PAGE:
Which do you think is more relevant to humans? Of course the ad libitum condition is more relevant. We can have sugar whenever we want to. There's no giant Brad Dieter in a lab coat keeping the sugar from us. And if the sugar is not in our house, we can run to the store to get some. Our access to sugar is not intermittent.


    NEGATING WITH NAUSEA

    Another key distinction is that, unlike addictive drugs, rodents with prolong access to sugar remain susceptible to devaluation. Basically, if I add something to sugar that makes rodents feel sick, they will stop eating it. This is not true with addictive drugs; rodents will continue to seek out a drug even if I add a nauseating agent to it. You think you're addicted to Oreos? I guarantee you would stop eating them if I added something to them that made you vomit each time you ate them. So, no, you're not addicted to Oreos.



    CRAVING CONTRAST

    Another distinction between drugs and sugar is that the cravings are different. Food cravings are very different from drug cravings; they are different in terms of intensity, frequency, and duration. Food cravings are relatively short-lived compared to drug cravings; cravings can actually subside with fasting, but drug cravings persist and do not reduce in intensity even with prolonged abstinence from the drug. Food cravings are not a reflection of addiction to a particular food. Rather, food cravings are related to a certain attitude towards a food. Let's use chocolate as an example, a food that some people might call "addictive". For some people, chocolate is a highly desirable food...it tastes extremely good. However, we think that chocolate is something that should be eaten with some restraint. When you try to restrain your intake of chocolate, it magnifies the importance of it, and you become preoccupied with it. This is experienced as craving, and people start making comparisons to addiction. But this is not addiction.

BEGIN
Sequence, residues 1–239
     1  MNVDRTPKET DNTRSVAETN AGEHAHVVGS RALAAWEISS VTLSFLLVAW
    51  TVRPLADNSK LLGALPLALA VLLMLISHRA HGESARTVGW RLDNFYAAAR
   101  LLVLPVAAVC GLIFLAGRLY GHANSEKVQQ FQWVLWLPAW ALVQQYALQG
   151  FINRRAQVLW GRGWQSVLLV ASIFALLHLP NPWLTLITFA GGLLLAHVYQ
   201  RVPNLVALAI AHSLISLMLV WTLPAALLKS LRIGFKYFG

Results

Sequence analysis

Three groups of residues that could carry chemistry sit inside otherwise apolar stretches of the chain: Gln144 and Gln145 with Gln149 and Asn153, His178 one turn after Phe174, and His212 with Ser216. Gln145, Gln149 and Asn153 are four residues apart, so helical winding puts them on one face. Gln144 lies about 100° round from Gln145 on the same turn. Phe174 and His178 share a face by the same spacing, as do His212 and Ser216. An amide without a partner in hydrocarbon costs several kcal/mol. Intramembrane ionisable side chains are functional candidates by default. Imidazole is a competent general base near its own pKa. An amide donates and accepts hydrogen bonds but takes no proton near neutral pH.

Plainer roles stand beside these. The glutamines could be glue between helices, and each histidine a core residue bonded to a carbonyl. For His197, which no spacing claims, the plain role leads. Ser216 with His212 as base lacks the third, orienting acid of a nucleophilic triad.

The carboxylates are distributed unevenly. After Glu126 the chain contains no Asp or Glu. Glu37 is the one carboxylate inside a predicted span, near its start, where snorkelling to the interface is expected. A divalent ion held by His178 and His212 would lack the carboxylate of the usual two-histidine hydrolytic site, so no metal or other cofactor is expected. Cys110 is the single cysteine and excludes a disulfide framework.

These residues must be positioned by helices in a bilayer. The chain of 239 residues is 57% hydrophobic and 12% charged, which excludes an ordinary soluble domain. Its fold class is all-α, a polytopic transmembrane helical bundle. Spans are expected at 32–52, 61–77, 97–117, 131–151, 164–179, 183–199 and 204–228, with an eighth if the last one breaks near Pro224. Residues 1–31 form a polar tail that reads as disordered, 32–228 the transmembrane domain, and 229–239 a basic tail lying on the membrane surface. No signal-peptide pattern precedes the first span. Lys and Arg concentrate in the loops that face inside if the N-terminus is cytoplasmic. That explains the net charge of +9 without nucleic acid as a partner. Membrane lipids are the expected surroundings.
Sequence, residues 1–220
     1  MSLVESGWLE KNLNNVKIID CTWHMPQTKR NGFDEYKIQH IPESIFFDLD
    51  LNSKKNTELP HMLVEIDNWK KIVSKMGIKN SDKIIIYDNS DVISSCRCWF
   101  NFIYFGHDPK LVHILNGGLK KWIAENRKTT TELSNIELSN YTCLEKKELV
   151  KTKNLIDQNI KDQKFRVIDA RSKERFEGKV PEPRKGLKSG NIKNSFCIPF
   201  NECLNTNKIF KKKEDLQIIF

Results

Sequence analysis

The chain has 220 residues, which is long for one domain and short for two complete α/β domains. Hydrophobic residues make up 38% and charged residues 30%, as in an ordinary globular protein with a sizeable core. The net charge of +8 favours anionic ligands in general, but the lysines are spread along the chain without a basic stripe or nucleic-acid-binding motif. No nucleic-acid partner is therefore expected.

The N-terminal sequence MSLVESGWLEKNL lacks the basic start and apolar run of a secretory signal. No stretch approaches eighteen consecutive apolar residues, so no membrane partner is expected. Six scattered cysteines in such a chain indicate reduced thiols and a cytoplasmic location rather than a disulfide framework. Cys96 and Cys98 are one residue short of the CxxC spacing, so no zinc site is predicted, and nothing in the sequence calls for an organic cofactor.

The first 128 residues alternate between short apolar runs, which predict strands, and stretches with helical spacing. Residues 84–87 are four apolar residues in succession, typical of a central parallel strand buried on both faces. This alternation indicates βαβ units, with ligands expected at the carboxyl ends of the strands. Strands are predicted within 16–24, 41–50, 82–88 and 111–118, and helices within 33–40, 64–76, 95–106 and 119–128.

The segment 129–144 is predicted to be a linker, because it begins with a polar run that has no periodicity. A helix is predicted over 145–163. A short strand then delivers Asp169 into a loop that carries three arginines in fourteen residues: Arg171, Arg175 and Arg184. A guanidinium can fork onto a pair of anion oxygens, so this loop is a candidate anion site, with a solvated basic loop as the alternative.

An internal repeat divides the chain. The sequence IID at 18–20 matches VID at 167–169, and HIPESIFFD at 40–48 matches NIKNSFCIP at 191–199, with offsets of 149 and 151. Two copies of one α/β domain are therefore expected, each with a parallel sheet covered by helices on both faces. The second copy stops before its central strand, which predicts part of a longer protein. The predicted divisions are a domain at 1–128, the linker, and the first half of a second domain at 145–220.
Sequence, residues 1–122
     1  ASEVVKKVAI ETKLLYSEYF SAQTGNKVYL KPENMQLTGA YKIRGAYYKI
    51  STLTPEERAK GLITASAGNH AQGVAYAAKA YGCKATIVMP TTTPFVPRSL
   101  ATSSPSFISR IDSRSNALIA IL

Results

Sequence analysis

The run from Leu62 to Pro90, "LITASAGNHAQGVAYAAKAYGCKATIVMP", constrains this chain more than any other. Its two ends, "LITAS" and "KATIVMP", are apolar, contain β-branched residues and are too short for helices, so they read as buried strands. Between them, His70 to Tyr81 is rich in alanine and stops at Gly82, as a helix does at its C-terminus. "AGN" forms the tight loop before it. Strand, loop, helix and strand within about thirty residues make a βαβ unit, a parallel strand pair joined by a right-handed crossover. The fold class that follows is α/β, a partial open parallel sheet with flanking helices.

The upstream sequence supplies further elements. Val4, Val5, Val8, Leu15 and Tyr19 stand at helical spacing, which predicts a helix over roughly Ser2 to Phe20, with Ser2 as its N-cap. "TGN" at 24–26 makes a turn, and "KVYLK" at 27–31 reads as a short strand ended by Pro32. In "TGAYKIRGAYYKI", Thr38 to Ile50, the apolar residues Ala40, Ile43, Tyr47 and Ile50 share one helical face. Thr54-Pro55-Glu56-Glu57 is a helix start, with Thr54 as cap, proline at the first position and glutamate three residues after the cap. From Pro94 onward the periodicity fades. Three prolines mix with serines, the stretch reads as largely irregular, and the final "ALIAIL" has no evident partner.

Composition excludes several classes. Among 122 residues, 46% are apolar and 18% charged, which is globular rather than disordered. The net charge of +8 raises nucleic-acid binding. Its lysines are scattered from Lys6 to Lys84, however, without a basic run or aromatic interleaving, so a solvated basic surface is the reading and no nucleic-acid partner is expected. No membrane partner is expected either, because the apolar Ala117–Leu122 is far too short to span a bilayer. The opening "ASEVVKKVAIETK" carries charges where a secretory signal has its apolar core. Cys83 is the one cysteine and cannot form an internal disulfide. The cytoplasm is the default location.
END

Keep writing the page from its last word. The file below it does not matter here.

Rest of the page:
SUGAR...NOT ADDICTING SINCE THE 1940s


    Research published all the way back in 1940 demonstrated that sugar is not addicting. Scientists looked at how sugar concentration in water impacted how much rodents drank. They found that rodents would drink more as sugar concentration increased, but only up to a certain point. Once the sugar concentration got too high, they would drink less. In fact, at very high sugar concentrations, they would drink less than if the water was plain. This is not what would happen if sugar was addicting; rather, they would continue to consume more as the concentration increased.

    So what's going on here? It's simply an issue of palatability. Sugar enhances the palatability of water; it makes it taste better. However, if the sugar concentration starts to get too high, it no longer tastes as good, so you won't drink as much. At a really high sugar concentration, it tastes so bad that you'd rather have plain water. That is not the hallmark of an addictive substance. This leads me to my next point...



    IT'S THE PALATABILITY, STUPID

    Sugar is not addictive. However, it can make our food taste damn good, which encourages us to eat more. For example, if you knock out sugar taste receptors in rodents so that they can't taste sugar, they are resistant to fat gain when you give them sugar water. If you then add fat to the sugar solution to enhance the palatability, the rodents will get fat, even if they can't taste the sugar. Thus, overeating food is highly related to its palatability, not due to any unique addictive property of sugar. In fact, people on a high sugar diet will lose a lot of weight if the diet is very bland so that they don't want to eat much. Also, palatability, not sugar content, is a predictor of how much people will eat.